Detection of the mitochondrial isoform of IDE by immuno-electron microscopy

Electron micrographs of CHO cells expressing wt-HA–IDE (A) or Koz-Met1-HA–IDE (B) and labelled with gold-coupled anti-HA antibodies. (A) Wild-type IDE is present in cytosol (c), as expected, but also in mitochondria (m), with a much weaker signal in the nucleus (n). (B) The Met1-HA–IDE isoform is expressed exclusively in mitochondria. Scale bars=200 nm.

Potential function of IDE within mitochondria

IDE within peroxisomes has been shown to degrade the cleaved leader sequences removed from peroxisomal precursor proteins [35]. Moreover, likely IDE orthologues in plants have been shown to degrade N-terminal sorting sequences cleaved from both mitochondrial and chloroplast proteins [36,37]. To determine whether IDE may perform a similar function in mitochondria, we tested the ability of IDE to degrade a synthetic peptide corresponding to the cleaved mitochondrial targeting sequence for the E1α subunit of human pyruvate dehydrogenase [27] (Figure 6A). This peptide was indeed hydrolysed at several sites by purified recombinant IDE (Figure 6B), and the degradation was completely inhibited by 1,10-phenanthroline, a broad-spectrum zinc-metalloprotease inhibitor (results not shown). Analysis of the rate of hydrolysis of this substrate suggested that degradation of this peptide was highly efficient: based on disappearance of the intact peptide as monitored by HPLC, we estimated a kcat value of ∼200 min−1. Although this value is likely to reflect a lower boundary of the true value, it is comparable with the kcat values determined for the degradation of Aβ (∼100–200 min−1) [38,39], another avid IDE substrate.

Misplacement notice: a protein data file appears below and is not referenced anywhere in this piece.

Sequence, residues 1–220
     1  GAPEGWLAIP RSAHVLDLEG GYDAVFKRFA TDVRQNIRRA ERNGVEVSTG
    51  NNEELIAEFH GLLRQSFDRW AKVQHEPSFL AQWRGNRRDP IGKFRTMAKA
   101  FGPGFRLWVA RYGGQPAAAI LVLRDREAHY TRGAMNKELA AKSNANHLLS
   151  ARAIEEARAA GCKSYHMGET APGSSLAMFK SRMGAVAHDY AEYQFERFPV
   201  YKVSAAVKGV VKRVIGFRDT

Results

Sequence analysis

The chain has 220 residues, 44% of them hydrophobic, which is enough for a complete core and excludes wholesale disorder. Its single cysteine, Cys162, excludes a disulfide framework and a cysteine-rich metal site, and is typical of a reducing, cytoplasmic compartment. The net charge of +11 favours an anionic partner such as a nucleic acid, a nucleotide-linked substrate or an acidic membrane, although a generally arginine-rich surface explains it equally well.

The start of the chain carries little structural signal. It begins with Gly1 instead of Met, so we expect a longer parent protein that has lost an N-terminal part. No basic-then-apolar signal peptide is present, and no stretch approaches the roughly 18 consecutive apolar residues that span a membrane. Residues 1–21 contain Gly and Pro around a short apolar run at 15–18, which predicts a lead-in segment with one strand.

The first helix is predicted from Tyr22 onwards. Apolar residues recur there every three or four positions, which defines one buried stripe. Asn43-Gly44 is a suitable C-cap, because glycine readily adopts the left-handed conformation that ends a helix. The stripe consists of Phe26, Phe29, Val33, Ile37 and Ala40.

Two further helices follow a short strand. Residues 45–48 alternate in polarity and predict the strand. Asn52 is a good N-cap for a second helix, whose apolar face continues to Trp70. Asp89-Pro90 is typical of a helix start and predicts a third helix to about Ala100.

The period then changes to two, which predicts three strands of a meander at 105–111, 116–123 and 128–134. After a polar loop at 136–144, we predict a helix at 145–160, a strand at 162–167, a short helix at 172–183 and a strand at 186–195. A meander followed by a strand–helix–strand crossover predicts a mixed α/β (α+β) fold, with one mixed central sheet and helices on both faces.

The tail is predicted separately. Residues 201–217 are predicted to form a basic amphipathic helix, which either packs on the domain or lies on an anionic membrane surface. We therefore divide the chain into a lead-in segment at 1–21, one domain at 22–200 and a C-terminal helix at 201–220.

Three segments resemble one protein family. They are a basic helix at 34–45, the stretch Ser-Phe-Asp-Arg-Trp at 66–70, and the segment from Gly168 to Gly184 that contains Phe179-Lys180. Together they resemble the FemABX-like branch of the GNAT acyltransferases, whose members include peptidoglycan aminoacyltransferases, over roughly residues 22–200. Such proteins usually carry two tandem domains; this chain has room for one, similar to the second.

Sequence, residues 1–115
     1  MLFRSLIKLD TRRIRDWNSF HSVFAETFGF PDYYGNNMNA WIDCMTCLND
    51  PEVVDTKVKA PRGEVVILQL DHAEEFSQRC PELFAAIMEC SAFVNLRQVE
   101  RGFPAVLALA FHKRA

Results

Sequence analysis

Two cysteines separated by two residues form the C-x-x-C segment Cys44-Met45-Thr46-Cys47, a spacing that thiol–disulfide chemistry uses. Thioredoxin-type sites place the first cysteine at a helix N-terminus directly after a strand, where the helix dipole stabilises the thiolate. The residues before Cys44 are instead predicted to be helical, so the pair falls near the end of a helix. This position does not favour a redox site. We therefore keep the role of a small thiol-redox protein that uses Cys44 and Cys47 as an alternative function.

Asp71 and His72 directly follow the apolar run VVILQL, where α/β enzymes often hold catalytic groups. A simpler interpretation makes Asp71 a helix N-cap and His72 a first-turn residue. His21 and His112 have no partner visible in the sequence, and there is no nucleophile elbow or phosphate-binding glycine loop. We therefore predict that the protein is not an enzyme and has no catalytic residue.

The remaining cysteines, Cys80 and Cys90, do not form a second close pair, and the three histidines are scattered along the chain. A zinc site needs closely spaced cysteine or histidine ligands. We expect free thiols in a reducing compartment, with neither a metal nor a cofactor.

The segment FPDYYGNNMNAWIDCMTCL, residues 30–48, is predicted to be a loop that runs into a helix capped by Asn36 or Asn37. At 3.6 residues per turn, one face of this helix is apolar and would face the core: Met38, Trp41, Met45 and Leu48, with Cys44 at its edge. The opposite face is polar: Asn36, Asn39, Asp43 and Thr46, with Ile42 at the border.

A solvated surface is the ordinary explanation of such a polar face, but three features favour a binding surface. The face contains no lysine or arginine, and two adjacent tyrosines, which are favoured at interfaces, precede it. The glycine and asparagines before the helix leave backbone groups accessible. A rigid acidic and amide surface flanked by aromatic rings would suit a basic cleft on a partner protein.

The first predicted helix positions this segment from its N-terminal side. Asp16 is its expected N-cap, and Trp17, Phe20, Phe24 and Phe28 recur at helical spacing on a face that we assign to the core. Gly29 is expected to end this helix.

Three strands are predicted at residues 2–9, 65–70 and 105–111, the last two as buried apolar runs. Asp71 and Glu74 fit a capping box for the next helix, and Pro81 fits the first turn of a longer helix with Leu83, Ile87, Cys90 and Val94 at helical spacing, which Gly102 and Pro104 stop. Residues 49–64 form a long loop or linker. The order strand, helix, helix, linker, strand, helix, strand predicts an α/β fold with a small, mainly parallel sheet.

IDE efficiently degrades a prototypical mitochondrial targeting sequence

Figure 6
IDE efficiently degrades a prototypical mitochondrial targeting sequence

(A) Amino acid sequence of the cleaved leader peptide of the E1α subunit of human pyruvate dehydrogenase. (B) HPLC elution profiles illustrating that the peptide in (A) is hydrolysed by IDE at multiple sites in a time-dependent fashion.

Figure 6
IDE efficiently degrades a prototypical mitochondrial targeting sequence

(A) Amino acid sequence of the cleaved leader peptide of the E1α subunit of human pyruvate dehydrogenase. (B) HPLC elution profiles illustrating that the peptide in (A) is hydrolysed by IDE at multiple sites in a time-dependent fashion.

DISCUSSION

Here we provide evidence for the existence of a previously unidentified isoform of IDE that is localized to mitochondria. This isoform is generated by translation beginning at an alternative initiation codon upstream of the canonical start site, producing a novel protein with 41 amino acids added to the N-terminus. We show that this N-terminal sequence, which we find is predicted to contain a mitochondrial targeting signal, is both necessary and sufficient to transport normally cytosolic proteins (IDE and EGFP) into mitochondria, where, as for most nuclear-encoded mitochondrial proteins, the signal appears to be removed proteolytically. Within mitochondria, the functional role of IDE may include the degradation of cleaved mitochondrial targeting sequences.